There is no special formula to what we need. If there is a program, study or discussion group or just a social get together that you want to see, STEP UP, say Hineni- Here I am and volunteer to lead it and you will be surprised how many others will join you. They will respond with Hinei Anachnu – Here we are. What a great way to gather, virtually or in person and make a difference.
We each have different skills and perspectives to offer. It just takes someone to stand up and say Hineni – Here I am and this is what we are going to do. Not everything takes a lot of time – of course some things do but if you do just a little – like Lily said last week at Rosh Hashanah – it does make a difference.
I have a few stories to tell you. We have artwork that was recently hung in the gallery, and we wanted to showcase it and have a discussion. Well with a few determined people and a few emails the program was planned in one day and we will be having a great conversation in the Sukkah next week about the artist. It took an idea and then a few people to put it together so all of us who are interested can benefit. Another story is Project Isaiah. This is a tradition at Shomrei but with the office transition and not being in person last year, somehow, we forgot to get the word out.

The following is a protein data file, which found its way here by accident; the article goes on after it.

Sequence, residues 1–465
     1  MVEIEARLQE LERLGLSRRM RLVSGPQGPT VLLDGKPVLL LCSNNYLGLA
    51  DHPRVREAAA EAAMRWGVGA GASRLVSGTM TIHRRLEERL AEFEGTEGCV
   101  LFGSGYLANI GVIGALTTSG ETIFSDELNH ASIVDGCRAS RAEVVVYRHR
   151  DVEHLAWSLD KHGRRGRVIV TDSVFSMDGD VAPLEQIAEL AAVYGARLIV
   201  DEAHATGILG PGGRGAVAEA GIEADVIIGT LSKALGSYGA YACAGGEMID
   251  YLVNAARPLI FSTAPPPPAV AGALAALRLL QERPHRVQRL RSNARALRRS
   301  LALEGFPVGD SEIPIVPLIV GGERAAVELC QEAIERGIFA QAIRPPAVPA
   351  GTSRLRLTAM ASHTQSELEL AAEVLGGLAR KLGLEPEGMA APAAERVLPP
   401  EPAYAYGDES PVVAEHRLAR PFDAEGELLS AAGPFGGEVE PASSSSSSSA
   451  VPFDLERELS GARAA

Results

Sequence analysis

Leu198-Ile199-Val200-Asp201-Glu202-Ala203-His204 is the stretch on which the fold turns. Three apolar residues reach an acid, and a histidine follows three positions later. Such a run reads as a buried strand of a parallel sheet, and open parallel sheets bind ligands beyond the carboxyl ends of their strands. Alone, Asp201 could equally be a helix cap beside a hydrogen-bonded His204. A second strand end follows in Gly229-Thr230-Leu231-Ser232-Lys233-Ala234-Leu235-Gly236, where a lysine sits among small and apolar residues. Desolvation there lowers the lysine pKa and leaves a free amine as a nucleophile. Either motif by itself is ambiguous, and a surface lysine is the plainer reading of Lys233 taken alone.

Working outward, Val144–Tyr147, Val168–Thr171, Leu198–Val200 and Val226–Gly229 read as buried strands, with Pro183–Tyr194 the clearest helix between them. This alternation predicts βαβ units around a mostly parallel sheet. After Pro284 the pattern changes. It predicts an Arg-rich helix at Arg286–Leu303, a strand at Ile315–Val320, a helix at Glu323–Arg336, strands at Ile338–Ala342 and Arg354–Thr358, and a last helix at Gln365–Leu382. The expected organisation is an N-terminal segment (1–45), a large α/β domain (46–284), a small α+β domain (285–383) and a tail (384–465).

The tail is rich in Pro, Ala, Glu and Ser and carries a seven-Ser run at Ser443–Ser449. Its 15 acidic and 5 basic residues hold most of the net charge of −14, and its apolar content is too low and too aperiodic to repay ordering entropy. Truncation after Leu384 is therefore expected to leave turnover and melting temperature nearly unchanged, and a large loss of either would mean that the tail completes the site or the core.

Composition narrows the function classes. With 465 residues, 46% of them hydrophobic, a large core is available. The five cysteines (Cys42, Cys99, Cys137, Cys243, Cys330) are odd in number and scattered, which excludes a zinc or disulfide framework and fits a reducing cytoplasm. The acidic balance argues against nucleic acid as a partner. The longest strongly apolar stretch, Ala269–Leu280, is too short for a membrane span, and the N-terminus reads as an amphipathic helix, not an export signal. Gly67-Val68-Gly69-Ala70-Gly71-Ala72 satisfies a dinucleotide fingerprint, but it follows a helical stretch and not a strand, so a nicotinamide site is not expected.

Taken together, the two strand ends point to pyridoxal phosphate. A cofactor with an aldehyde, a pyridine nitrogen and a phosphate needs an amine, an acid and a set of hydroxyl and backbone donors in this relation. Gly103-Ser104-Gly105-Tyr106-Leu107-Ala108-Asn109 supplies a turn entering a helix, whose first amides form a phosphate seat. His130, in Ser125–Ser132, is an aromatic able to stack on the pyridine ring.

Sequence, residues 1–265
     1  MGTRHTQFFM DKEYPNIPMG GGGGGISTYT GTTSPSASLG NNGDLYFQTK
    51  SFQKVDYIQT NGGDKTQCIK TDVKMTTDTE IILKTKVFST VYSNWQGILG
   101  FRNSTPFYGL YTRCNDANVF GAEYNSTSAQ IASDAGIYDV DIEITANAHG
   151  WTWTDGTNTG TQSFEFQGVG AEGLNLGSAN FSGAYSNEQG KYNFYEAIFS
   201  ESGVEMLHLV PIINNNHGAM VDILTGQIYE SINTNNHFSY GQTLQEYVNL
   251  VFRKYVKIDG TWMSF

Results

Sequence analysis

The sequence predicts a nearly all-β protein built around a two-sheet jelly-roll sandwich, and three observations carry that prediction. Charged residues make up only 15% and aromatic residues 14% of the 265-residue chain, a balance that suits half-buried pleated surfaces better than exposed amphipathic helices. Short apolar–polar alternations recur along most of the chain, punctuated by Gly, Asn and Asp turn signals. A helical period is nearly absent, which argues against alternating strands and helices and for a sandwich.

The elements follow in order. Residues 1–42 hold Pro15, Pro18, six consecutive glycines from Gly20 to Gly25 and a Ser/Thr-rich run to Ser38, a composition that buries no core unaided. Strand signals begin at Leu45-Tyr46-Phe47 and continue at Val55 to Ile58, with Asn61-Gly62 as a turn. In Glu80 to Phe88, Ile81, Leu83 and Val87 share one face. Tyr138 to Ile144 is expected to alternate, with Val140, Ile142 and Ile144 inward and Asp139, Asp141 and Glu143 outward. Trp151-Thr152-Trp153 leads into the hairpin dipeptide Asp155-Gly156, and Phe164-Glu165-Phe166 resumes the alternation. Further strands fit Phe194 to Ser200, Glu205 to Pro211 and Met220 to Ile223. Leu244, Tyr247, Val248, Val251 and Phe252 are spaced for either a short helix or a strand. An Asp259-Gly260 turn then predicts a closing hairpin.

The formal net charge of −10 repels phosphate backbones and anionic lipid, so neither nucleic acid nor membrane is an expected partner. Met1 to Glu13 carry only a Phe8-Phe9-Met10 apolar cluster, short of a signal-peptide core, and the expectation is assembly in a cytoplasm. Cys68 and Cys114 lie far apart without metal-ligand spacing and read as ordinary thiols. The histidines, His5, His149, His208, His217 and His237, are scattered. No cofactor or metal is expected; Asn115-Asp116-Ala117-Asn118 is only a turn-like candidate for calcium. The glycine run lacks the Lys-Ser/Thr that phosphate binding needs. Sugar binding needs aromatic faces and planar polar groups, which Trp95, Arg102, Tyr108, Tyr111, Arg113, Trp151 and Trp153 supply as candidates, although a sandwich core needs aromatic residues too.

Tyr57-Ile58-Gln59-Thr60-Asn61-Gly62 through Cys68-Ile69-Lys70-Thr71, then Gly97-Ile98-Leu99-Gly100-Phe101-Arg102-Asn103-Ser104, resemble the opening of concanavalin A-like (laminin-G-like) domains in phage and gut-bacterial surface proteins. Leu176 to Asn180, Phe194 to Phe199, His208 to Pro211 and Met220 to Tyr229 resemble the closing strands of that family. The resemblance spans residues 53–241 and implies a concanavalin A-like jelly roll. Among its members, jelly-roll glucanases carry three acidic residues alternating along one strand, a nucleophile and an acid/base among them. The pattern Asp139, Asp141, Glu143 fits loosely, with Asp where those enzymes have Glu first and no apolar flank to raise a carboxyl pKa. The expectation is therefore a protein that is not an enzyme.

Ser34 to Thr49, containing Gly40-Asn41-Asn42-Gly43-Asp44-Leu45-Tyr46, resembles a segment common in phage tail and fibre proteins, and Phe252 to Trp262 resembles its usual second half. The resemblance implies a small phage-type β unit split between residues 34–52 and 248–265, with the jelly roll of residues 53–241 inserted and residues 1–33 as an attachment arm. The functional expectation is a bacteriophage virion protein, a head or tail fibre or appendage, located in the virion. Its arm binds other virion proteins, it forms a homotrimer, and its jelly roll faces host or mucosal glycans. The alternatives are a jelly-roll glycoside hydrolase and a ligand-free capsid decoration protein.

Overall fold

People are hungry, not just for the day as I mentioned before. Food insecurity is real and it is right here in our neighborhood. So again, with a minimal amount of planning, a few volunteers and determination, we are collecting the much-needed food.
The idea of repentance in Jewish thought is a return to a path of righteousness. The way I see it, what could be more righteous than helping others. While I don’t want to downplay the need for food or clothing or shelter, there is also a need to build our community and that also takes people willing to say Hineni – Here I am.
Teshuva can be done at any time, but the High Holiday season, and Yom Kippur, especially, is considered an auspicious time for it.
So please, I ask you to say Hineni – Here I am – in whatever way you can to help the Shomrei community thrive – with your time, your ideas and yes with your financial support.
I will leave you with these things to think about this Yom Kippur. And one last request, please take the time to look at the Book of Gratitude that was mailed home a few weeks ago as so many people participated in making these High Holidays special and I know that some were inadvertently left out as we went to print before the planning was complete given the changing COVID environment. I want to thank all of you for volunteering and I apologize if you were one of those that I missed.
And I am going to thank each and every one of you in advance as you STEP UP and volunteer in the coming year.
May you have an easy fast and may you be inscribed in the book of life for another year.
- Mourning Doves: Grief and Hope: Kol Nidre Sermon by Lily Lucey (5782/2021) - Fri, Sep 17, 2021
- President Miriam Haimes’s Address on Kol Nidre 5782/2021 - Fri, Sep 17, 2021
- Rabbi David Greenstein’s Kol Nidre & Yom Kippur Sermons 5782/2021 - Fri, Sep 17, 2021